Independent Online

Saturday, June 25, 2022

Like us on FacebookFollow us on TwitterView weather by locationView market indicators

Phumzile Mlambo-Ngcuka can take a bow for a job well done and a life meaningfully lived

Phumzile Mlambo-Ngcuka. Picture: Bonile Bam.

Phumzile Mlambo-Ngcuka. Picture: Bonile Bam.

Published Aug 31, 2021


By Futhi Mtoba

How auspicious that someone born around the time of the ground-breaking anti-pass march by women to Union Buildings would be leaving such big shoes to fill, not only in her country South Africa, but globally?

Story continues below Advertisement

The curtain is coming down on Women’s Month in South Africa, but the bigger story of August 2021 is the conclusion of an Phumzile Mlambo-Ngcuka’s illustrious career as Executive Director.

Time will immortalise the contribution of one of Africa’s finest daughters, but it is my singular honour to pay tribute to this trailblazer.

From birth to date, Mlambo-Ngcuka’s life seemed predestined for greatness – but greatness earned through acts of service. As much as she is known to the world for her work for eight years at UN Women – the entity of the UN responsible for driving the global agenda for gender equality and the empowerment of women – she has fought for the affirmation of women all her life.

There is not a better send-off gift to salute her selfless gender activism than the milestone reached in March this year. For the first time in history, the global average of women in parliamentary positions reached 25.5% according to the Inter-Parliamentary Union (IPU).

The annual Women in Parliament report by this global organisation of national parliaments suggests that the world is not on target to achieve gender equality in politics by 2030, although as an all-time high we should pause to acknowledge the leadership of people like Mlambo-Ngcuka.

Having been among South Africa’s first deputy-president, she easily could have revelled in the glory of being the only woman to accomplish the feat. However, knowing her history and commitment to the cause of the underprivileged in general and women, she was bound to use her position at the high table to kick down the doors for other women to follow.

Story continues below Advertisement

It was during Mlambo-Ngcuka’s tenure at UN Women that a solidarity movement for the advancement of gender equality was promulgated. Known as HeForShe, the genius of this campaign is its insistence that gender inequality is an issue for all.

As a consequence, the movement endeavours globally to harness the support of men and boys for gender equality by acting against negative gender stereotypes and behaviours.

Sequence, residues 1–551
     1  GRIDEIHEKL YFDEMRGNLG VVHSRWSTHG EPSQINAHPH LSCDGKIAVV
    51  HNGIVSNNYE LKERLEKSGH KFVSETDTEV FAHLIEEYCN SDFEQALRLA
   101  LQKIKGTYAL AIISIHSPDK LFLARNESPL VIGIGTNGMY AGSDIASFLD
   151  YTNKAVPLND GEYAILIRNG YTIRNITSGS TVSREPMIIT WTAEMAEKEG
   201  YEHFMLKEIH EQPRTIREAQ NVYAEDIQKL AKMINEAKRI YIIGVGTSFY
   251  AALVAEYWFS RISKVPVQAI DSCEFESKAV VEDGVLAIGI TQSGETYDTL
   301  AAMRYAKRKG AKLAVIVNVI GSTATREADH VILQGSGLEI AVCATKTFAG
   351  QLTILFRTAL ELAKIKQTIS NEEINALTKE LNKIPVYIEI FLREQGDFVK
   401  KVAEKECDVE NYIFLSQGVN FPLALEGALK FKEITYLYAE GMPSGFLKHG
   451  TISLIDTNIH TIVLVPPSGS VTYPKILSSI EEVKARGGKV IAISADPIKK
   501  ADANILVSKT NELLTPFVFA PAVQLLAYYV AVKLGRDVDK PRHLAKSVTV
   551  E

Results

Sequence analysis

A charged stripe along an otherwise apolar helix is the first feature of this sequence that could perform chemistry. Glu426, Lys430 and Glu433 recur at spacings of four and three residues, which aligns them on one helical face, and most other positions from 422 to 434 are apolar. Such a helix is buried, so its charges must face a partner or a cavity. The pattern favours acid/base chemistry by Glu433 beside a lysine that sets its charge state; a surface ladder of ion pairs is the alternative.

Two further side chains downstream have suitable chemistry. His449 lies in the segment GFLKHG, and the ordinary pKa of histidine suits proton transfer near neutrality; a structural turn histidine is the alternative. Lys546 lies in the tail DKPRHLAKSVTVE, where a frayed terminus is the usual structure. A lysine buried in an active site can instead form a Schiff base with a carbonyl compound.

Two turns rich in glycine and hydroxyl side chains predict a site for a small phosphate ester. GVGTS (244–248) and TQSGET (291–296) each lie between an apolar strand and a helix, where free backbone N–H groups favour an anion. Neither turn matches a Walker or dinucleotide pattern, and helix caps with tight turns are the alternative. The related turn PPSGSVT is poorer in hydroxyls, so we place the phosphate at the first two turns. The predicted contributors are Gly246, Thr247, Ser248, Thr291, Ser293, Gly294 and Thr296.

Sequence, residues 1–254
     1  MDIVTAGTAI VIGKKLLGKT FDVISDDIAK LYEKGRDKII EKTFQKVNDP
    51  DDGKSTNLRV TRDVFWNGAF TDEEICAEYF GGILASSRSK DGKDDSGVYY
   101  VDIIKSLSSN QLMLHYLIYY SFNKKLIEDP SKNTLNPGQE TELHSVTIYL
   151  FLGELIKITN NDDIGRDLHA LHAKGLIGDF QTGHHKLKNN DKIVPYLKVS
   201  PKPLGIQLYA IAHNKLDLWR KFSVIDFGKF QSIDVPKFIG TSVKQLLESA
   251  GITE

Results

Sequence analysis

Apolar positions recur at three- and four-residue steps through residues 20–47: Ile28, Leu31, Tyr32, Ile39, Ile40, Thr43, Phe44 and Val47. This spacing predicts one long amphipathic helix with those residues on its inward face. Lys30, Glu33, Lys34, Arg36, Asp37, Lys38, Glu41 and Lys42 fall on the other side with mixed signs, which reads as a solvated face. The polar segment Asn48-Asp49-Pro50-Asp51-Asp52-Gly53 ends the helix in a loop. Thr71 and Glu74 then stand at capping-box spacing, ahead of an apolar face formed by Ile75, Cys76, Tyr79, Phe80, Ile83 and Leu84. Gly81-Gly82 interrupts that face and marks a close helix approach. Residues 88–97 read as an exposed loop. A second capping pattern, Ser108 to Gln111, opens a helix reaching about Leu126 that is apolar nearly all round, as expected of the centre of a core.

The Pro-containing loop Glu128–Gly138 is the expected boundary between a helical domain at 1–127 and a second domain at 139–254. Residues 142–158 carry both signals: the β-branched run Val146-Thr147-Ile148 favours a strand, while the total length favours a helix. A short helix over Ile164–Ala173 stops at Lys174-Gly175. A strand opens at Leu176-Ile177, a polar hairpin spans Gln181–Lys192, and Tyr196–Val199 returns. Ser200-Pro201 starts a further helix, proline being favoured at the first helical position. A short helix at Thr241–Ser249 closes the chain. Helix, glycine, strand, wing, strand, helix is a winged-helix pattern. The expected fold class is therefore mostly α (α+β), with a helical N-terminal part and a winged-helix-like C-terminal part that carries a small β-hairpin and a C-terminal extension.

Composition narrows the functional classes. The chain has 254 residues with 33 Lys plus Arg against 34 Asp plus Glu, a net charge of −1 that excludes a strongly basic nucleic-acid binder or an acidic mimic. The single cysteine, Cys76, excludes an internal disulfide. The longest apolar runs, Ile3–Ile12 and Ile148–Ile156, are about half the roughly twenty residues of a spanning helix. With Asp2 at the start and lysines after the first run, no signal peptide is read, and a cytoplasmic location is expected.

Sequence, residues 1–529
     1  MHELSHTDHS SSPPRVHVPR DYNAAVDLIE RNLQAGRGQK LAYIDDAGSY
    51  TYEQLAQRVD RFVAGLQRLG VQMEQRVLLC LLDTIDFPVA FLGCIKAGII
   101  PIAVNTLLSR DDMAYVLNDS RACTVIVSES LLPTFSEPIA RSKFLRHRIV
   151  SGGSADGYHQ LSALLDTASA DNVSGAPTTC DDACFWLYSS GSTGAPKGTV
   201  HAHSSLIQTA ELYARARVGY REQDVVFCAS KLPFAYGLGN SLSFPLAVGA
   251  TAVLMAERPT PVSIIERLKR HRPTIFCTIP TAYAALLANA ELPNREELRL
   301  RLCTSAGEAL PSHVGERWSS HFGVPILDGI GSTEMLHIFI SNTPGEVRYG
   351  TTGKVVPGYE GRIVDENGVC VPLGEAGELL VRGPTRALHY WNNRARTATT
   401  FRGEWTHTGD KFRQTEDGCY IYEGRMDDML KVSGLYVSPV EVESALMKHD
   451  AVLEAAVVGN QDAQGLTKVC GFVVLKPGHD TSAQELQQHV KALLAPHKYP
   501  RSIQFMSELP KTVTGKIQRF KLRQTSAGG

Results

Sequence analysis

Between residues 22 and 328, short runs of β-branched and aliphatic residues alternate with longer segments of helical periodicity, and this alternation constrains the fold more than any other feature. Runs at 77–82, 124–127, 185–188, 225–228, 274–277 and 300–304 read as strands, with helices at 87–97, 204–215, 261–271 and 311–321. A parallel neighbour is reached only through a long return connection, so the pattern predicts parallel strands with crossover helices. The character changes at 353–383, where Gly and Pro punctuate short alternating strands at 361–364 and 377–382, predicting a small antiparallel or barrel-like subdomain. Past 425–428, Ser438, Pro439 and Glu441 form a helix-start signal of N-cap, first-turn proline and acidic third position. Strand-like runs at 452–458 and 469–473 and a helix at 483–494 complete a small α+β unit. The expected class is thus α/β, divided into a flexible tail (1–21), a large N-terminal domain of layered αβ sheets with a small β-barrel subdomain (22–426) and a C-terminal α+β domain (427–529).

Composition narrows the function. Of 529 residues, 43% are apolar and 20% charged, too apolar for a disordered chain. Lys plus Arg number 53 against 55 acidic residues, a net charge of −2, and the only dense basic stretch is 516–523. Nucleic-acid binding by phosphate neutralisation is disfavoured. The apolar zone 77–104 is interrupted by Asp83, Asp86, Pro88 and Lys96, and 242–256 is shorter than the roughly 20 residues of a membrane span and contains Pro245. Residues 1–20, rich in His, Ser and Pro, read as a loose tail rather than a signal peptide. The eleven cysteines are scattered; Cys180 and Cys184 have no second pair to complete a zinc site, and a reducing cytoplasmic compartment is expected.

Her involvement in social justice initiatives in apartheid South Africa as a teacher in KwaZulu-Natal during the politically turbulent mid-1980s and her five-year stint in Geneva as Youth Director for the World Young Women’s Christian Association, would have taught her first-hand about the urgency of advocacy for social justice.

Story continues below Advertisement

It was therefore not surprising that, confronted with UN statistics that 95% of the world’s CEOs and heads of states were men in 2013, she would push for the launch of corrective movements like HeForShe, which enlisted the endorsement of luminaries like President Barack Obama, actor Matt Damon and UN Secretary-General António Guterres.

She outdid herself yet again in Paris this July at the three-day Generation Equality Forum. Even as she was preparing to wrap up her term, she was not done yet. In recognition of the disproportionate impact of Covid-19 on the women of the world, she rallied world leaders, philanthropists and organisations to pledge $40 billion to advance gender equality in the face of the pandemic.

It is early days yet. As potently articulated by IPU’s Secretary-General Martin Chungong in March, “while we celebrate and welcome this all-time high, we feel that progress is painstakingly, or even excruciatingly, slow”.

Story continues below Advertisement

I am confident knowing Mlambo-Ngcuka shares Chugong’s grim projection that “at the current rate, it will take another 50 years before we can achieve gender parity in parliament”, which is not acceptable.

The struggle continues for sure, but if only for this month, Phumzile Mlambo-Ngcuka can take a bow for a job well done and a life meaningfully lived so far. South Africa and the world owe her a debt of gratitude and appreciation.

Futhi Mtoba is Co-Founder of TEACH South Africa, Trustee of the Nelson Mandela Foundation, Former Chairman of Deloitte Southern Africa and Past of President of BUSA.

The Star

Related Topics: